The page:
Archive for January, 2011

Details here.

After a first season which imitated the British classic line for line, sans mature language and content, The Office (US) stepped outside the shadow of the original to become of the funniest and most heartfelt shows on network, hell, all of television.

The recipe was simple enough. Give Steve Carell and Rainn Wilson decent material and you’ll have yourself a damn funny show. Add a ‘will they-won’t they’ romance featuring boy and girl next door Pam and Jim and you get a compelling romantic story. Put them together and you have a great show, which for seasons made us laugh and cry.

The supporting cast was and is unspectacular but solid enough. There’s fatty, grumpy, bitchy, stupid and slutty.

So what went so wrong in the past two or three seasons? Well, as is inevitably the case as much as the writers would have liked to artificially extend the intrigue surrounding Pam and Jim, there reached a point where they had to be unified. In doing so, the show lost momentum and a distinct overarching storyline. Oh and it turns out that Pam and Jim aren’t very funny or engaging in their new found marital bliss.

The writers have tried to create other points of romantic interest yet they do not measure up. Moreover, the humour has dissipated. We know the routine all too well after 7 seasons. Michael is going to do something inappropriate (we cringe). Dwight will say something slightly quirky (we smile). Pam and Jim love each other (we fall asleep). The supporting cast will give their well rehearsed and well-worn responses (we lip-sync).

So perhaps, the show hasn’t ‘gone bad’ in so much as it has gone stale. Steve Carell is supposedly leaving at the end of this season, leaving a space for a new boss to enter the picture. Or should they just call the whole thing off?

This Ficus thinks so.

Keep watching Your Screens

You be the Judge



My owners have seen fit to move me over to this location http://misanthropicficus.blogspot.com.

I am prompted to post this as an appeal to the world…well Americans with access to FX. I implore you to watch LIGHTS OUT! I have just discovered its ratings are in a dismal state. Given the swift and cruel manner in which the execs at FX axed newcomer ‘Terriers’, I have grave fears for one of my new friends.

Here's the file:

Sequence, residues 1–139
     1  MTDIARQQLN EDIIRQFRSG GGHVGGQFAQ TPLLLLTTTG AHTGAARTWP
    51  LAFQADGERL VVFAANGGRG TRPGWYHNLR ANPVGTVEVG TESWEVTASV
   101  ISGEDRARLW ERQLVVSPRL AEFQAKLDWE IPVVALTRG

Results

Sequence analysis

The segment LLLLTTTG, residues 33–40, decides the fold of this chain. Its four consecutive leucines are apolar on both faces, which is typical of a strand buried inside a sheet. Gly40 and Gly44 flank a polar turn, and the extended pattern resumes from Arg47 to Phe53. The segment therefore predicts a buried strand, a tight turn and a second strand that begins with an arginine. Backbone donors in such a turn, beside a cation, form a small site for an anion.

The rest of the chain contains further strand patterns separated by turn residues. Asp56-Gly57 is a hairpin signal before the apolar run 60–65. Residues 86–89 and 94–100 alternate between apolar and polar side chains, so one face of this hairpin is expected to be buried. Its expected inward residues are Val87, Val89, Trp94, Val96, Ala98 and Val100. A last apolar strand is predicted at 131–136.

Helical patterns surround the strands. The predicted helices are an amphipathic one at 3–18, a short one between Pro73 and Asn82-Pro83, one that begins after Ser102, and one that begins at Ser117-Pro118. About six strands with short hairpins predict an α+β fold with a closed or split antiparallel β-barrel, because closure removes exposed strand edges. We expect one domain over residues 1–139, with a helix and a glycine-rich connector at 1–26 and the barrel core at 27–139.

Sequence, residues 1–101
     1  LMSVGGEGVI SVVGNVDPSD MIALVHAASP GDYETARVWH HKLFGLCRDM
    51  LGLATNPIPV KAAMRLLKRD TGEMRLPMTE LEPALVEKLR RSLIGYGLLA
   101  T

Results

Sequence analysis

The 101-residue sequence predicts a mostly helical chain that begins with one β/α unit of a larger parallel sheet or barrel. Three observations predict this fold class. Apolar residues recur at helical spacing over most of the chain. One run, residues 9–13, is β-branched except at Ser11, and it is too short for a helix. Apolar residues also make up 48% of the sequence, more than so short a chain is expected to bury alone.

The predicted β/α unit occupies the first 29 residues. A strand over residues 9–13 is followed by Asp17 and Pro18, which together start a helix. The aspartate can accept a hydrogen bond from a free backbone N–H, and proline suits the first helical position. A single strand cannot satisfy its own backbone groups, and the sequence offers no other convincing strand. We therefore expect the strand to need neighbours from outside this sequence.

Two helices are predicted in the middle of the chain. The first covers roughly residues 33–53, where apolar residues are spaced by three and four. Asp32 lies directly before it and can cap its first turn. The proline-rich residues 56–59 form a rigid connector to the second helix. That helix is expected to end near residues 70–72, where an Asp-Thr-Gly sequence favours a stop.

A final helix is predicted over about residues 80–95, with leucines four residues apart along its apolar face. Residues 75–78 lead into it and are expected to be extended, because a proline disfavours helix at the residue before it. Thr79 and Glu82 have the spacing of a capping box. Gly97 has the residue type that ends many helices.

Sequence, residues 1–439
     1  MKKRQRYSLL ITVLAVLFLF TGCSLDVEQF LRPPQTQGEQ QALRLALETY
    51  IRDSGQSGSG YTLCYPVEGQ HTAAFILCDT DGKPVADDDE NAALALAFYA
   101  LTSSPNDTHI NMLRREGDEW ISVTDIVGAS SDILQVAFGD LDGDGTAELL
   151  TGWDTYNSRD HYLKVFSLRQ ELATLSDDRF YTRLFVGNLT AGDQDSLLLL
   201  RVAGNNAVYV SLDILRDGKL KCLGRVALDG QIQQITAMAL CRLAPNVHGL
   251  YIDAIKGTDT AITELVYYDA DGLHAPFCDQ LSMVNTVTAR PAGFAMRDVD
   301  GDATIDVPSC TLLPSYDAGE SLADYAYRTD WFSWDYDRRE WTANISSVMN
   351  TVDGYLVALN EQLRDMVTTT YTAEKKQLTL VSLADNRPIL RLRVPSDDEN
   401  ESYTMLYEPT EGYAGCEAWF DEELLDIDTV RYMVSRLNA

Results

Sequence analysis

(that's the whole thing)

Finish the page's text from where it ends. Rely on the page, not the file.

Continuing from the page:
This isn’t just a self-interested appeal. It’s inherently altruistic (if entirely unintentionally so). For Lights Out is great television.

Commence Ficus Breakdown. It’s essentially about a retired boxer, ‘Lights’ Leary, a family man who lost the last fight of his career on points. There is general agreement that he in fact deserved to win this fight. Since then, Lights has tried to be a family man but times are tough, money is short. This leads to some less than reputable means of surviving (he tries his hand(s) at debt collecting). The upshot of all this is that he is on track to return to the ring to face the man who unfairly defeated him. End Ficus Breakdown.

Predictable? Yes. Regardless, the execution of the story makes it seem original. There is something about flashbacks, cut sequences and non-linear storytelling that enlivens the soul and invigorates the mind. The performances are top-notch. The accompanying soundtrack assists in creating some truly moving scenes and in forming some ficus fornication for the characters.

In summary, Watch ‘Lights Out’ America. Tuesdays at 10PM on FX

Keep Watching Your Screens

(Especially when’ Lights Out’ is on them)

a concerned and forlorn Ficus

Does Choice Determine Identity?